Western politicians should forget the dead cats, focus on their real problems
China Daily

Children have fun on Dove Lane in Hotan city, Northwest China's Xinjiang Uygur autonomous region, May 27, 2020. (Photo: Xinhua)

The West's post-truth politics and "dead-catting" of perceived political foes is poisoning the global political landscape, and curtailing a future of cooperation, understanding and recognizing differences, and rationally working together for solutions favorable to all stakeholders.

Though many would argue that post-truth politics has been around for years, with the rise of the internet and social media, its use has become ever more venomous and corrosive, sinking deeper into the wider political narrative than just being whispers in shady halls of power.

This new, more toxic strain of political culture-post-truth, post-fact, post-reality, post-reason-appeals in most part to emotions and has no truck with empiricism.

In a recent report on the Xinjiang Uygur autonomous region, CNN described that children had been separated from their parents in the region. Despite the reporter having a great deal of experience and knowledge of China, no effort was made to clarify whether this is actually an exceptional case in the country or something widespread. Instead, the air is thick with allegations that these people have been "targeted", rather than the parents making the decision to leave their children behind (temporarily) of their own free will to work in cities.

No mention was made in the report about China's nearly 70 million "left-behind" or "stay-at-home" children, who remain in the villages of their birth looked after by other family members while their parents migrate to cities for work. This is a byproduct of China's great urbanization-a challenge that people across the country face, not just those in Xinjiang.

But why would CNN report not mention that? There is more emotional resonance with the audience if they feel what is being reported on is a "special" case "targeting" individuals, rather than a situation which sadly affects millions of people across the country irrespective of ethnicity.

On his last day in office on Jan 19, previous US secretary of state Mike Pompeo "officially determined" China had committed "crimes against humanity" and "genocide" in Xinjiang. Based on scant and tenuous "evidence" and spurious reports from extremely questionable sources, Pompeo did what is known in political circles as "dropping a dead cat".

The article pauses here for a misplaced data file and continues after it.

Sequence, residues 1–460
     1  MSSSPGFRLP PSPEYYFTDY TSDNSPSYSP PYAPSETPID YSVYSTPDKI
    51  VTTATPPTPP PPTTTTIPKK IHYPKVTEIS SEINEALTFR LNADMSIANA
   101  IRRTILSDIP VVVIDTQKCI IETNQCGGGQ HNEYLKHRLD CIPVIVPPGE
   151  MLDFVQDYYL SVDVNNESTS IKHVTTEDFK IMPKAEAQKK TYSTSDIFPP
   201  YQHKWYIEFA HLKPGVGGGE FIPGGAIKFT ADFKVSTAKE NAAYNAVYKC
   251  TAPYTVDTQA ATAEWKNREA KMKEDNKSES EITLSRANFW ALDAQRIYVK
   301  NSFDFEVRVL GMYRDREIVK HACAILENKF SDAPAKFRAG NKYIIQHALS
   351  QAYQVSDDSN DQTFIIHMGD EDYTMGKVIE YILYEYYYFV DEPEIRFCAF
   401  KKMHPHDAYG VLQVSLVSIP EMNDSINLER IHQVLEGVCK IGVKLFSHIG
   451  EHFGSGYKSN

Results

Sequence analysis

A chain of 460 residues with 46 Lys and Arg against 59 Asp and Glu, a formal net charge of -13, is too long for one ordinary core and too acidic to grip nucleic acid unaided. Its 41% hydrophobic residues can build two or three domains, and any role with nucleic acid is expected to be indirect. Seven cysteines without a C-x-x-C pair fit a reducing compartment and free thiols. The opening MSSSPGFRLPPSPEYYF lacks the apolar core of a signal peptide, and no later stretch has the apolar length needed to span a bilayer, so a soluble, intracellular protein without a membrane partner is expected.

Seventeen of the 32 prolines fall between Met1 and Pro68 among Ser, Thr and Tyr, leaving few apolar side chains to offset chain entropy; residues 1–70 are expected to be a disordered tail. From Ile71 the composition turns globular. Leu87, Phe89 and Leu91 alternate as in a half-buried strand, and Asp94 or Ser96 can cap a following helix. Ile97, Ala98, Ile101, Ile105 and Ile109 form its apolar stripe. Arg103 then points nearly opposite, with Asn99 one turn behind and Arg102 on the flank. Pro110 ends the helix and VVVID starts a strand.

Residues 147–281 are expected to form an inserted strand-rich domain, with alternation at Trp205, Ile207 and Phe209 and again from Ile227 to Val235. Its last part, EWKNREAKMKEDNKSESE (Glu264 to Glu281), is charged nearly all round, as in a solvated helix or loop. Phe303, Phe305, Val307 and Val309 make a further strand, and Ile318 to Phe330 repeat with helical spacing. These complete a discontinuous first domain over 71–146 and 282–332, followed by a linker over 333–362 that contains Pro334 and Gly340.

"Dead-catting" involves introducing a scandalous or shocking topic to divert people's attention from real issues. Perhaps the decline of US hegemony or domestic racial inequality and injustice?

It has been used with great effect by Australian political strategist Lynton Crosby in both Australian and British politics, influencing (many would say unfairly) election campaigns and Brexit.

Incumbent British Prime Minister Boris Johnson, for whom Crosby has worked on campaigns, said in 2013: "There is one thing that is absolutely certain about throwing a dead cat on the dining room table-and I don't mean that people will be outraged, alarmed, disgusted. That is true, but irrelevant. The key point, says my Australian friend, is that everyone will shout, 'Jeez, mate, there's a dead cat on the table!' In other words, they will be talking about the dead cat-the thing you want them to talk about-and they will not be talking about the issue that has been causing you so much grief."

There are certain words in the English language that are combustible. Genocide is one of them. It is a term not to be used lightly and without strong and thorough evidence. Yet some Western politicians and media outlets seem willing to toss these dead cats, these hand grenades, around seemingly for fun, diverting attention from the important challenges they should be addressing on their own front doorstep.

It is a dangerous game and instead of informing and educating their audience, it ends up poisoning them. Perhaps a cynic might say that is exactly what they want to do.